Hou Hsiao-hsien may be the most fearless, sophisticated, and brilliant filmmaker of the last 30 years. He's fearless because after establishing his presence with a string of late 80s/early 90s masterpieces he consciously diverted from the stylistic formalism that he had cultivated and has been changing and experimenting with each new release ever since. His sophistication lies in his complete mastery of each new style: his poetic, haiku-like images and editing, his superficial minimalism that reveals incredibly rich aesthetic and thematic depths, his ability to synthesize some of the finest quality from the best Asian directors (notably Ozu and Mizoguchi). Finally, he's brilliant because he has been able to invite comparison to these masters and hold up well (sometimes even better) under scrutiny.
His daring, sophistication, and brilliance has been especially proven in two of his 21st century films, Café Lumiere and Flight of the Red Balloon. Both found Hou in foreign countries (in the former Japan, and in the latter France) making films dedicated to a master (Ozu in Lumiere) and an enduring masterpiece (Lamorisse's Red Balloon). Both films display the tremendous versatility of Hou, and his ability to take something familiar, like Ozu's deceptively simple formalism or the touching premise of Lamorisse's fable of childhood and innocence, and elaborate on them with his own vision, and enrich them with his artistry.
In the original Red Balloon, a young boy named Pascal discovers a sentient red balloon that takes to following him about his everyday life. Everyone takes notice of this phenomenon, such as the local boys who take to tragically destroying the balloon in front of Pascal. But the film ends with a transcendental uplift as a cadre of balloons appear to lift up Pascal and take him away to who-knows-where. The film has always been taken as being a whimsical, poignant fable of childhood and innocence, perhaps both lost and redeemed.
Hou's re-envisioning of the original Red Balloon loosely keeps its basic premise, but sets it in a more naturalistic, ephemeral, and elusive key. Suzanne (Juliette Binoche) is a single mother who works as a puppeteer voice at a local theater. She is also sub-letting her apartment to a couple who appear to be friends of her ex-husband. Because of her busy schedule she hires a babysitter named Fang Song (Fang Song: Yes, the actress' name is the same) to watch her young son Simon (Simon Iteanu) during the day. Song is a Chinese films student who happens to be shooting a remake of The Red Balloon, and decides to use Simon as the boy in the film.
For the first time since his breakthrough masterpiece A City of Sadness, Hou has turned his camera squarely upon a family. While his films post-City have featured families the focus has usually been on individuals within them. But unlike the sprawling focus of City, Flight keeps up with Hou's post-Puppetmaster chamber drama trend which reduces his cast to an intimate few. Flight's focus is extremely balanced, giving equal time and attention to Suzanne, Simon, Song and the interconnected relationships between them.
This intimate setting allows his cast to shine, and shine they do. I've often thought Juliette Binoche was the most under-rated actress of her generation, and here she gives an extraordinary performance as Suzanne. A completely "normal" character if ever there was, Suzanne is utterly relatable; she's a woman who finds herself always rushed, always under pressure from multiple sides, from dealing with her tenants to taking care of her son to keeping in touch with her daughter who's away to supporting her family without the help of a husband. Like most of us, the everyday struggles wear away it her, and what we see is a woman breaking down but striving endlessly to hold it all together. In true Hou fashion, Binoche communicates this through minimal gestures, so we're never actively aware of her breakdown as we're watching it.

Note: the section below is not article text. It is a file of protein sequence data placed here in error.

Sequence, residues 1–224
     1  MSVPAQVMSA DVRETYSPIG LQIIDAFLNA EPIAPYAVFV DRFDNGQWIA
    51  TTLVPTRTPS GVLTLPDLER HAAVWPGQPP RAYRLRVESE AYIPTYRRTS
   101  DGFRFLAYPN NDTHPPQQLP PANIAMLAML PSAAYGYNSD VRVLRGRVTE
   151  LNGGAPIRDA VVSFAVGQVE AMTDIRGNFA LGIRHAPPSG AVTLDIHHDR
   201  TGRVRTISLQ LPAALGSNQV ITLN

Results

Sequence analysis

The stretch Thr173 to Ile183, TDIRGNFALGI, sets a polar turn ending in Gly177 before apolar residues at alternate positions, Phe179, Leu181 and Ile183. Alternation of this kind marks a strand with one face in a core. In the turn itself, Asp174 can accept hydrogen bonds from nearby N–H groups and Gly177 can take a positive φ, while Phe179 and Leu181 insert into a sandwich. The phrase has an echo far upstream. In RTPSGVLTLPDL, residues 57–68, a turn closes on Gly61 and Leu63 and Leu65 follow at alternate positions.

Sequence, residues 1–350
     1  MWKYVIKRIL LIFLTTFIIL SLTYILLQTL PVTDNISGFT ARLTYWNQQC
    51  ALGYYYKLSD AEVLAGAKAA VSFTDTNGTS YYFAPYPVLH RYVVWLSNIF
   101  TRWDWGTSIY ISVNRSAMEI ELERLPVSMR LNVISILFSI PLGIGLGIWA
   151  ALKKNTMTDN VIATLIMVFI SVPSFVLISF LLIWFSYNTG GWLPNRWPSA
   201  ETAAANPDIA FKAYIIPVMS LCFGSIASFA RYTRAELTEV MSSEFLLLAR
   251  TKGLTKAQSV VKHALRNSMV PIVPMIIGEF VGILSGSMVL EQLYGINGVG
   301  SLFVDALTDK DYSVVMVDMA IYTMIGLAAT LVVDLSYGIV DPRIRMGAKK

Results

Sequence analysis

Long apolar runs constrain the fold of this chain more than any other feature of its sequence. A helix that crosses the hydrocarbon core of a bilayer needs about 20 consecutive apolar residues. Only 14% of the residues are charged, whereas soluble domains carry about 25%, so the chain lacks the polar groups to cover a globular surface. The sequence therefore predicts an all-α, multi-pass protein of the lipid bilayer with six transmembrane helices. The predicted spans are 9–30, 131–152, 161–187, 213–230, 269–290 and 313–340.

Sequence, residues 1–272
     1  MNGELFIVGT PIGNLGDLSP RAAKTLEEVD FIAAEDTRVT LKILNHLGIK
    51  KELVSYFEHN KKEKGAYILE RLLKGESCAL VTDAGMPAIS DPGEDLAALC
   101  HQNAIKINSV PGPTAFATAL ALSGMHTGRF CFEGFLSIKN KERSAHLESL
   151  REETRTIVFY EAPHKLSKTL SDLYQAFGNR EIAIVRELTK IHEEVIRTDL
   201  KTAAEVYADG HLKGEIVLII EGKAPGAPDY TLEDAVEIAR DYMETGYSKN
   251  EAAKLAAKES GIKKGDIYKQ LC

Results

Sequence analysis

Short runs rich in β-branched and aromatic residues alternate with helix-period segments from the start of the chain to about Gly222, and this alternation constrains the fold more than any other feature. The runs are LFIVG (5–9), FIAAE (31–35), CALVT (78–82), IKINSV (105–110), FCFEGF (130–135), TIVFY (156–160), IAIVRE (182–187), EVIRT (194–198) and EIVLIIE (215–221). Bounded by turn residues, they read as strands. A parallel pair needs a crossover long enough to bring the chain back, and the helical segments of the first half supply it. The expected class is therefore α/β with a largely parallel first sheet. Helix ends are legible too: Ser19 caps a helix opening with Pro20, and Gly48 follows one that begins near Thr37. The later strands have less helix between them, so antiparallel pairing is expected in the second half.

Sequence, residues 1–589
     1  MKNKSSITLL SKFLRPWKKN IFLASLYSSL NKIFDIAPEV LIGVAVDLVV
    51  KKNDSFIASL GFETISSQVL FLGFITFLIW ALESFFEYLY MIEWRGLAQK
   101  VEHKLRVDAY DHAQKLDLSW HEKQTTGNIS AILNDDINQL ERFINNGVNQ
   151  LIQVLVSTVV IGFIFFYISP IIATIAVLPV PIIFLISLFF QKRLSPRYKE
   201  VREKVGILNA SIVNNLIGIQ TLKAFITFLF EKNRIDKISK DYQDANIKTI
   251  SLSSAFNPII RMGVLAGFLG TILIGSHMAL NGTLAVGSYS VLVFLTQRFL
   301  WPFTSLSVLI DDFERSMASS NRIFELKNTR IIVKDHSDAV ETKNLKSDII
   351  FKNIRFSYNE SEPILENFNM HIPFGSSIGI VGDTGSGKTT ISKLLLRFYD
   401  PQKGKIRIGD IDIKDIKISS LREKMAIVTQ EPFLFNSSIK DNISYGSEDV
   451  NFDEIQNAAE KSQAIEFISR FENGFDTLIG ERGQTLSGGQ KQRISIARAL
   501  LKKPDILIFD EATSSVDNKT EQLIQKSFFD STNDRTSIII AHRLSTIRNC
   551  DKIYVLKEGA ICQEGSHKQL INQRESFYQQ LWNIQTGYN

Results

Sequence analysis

Song and Simon are a different story entirely. With his youth and innocence, Simon exists in a world all his own, one of games (pinball, video), music (his piano lessons) and school. Simon Iteanu is utterly believable in the role and thanks to Hou's good sense of taste he never comes off as a fake or precocious child star. Fang Song (the character) strikes a balance between Simon's carefree innocence and Suzanne's reality frazzled self. She's able to sympathize with Suzanne and yet still relate with Simon. As an actress, Song plays the character almost like a blank slate and observer, which is utterly appropriate when one considers Song is an obvious analog to Hou himself.
Enough also can't be said about the stunning cinematography of Mark Lee Ping-Bing, who is right there with Roger Deakins as the best of the modern cinematographers. Mark Lee seems to share more in common with one of the old masters, Vittorio Storaro, in his mastery of color and light. All of Hou's modern films have used light, color, and compositions in interesting ways and Mark Lee has showed his ability to shift from the deep, neon-blues of Millennium Mambo, to the organic naturalism of Cafe Lumiere, to the Barry Lyndon-esque lantern-lit interiors of Flowers of Shanghai. One should also applaud the graceful movements which achieves an almost Mizoguchi-like elegance despite usually being hand-held.
Flight is Hou's most reflexive film, literally. Shots of reflective glass abound in the film, sometimes shooting through to the other side, sometimes merely shooting the reflections. In one of the film's most extraordinarily beautiful shots, Hou captures the sunset through the windows of the train as trees pass in front of it, essentially reflecting two sunsets that periodically pierce through the throng. This is one of the many scenes accompanied by the haunting, lyrical solo piano piece which lends the film much of its elegiac, poetic aesthetic quality.
It's also Hou's most self-reflexive and metafictional film. The fact that Suzanne is a puppeteer voice harkens back to The Puppetmaster. The fact that Song is shooting a remake of The Red Balloon self-consciously alludes to Hou's own remake in progress. Just like Hou takes us behind the scenes of the puppet show, likewise does he take us behind the making of Flight when Song reveals to Suzanne that she uses a man dressed in green to hold the balloon so he can be erased digitally. More subtly, Hou's profusive gold and red color scheme reminds one of Flowers of Shanghai, while the intimate, cramped spaces of the apartment in contrast to the large, outdoor spaces remind one of Millennium Mambo or Café Lumiere.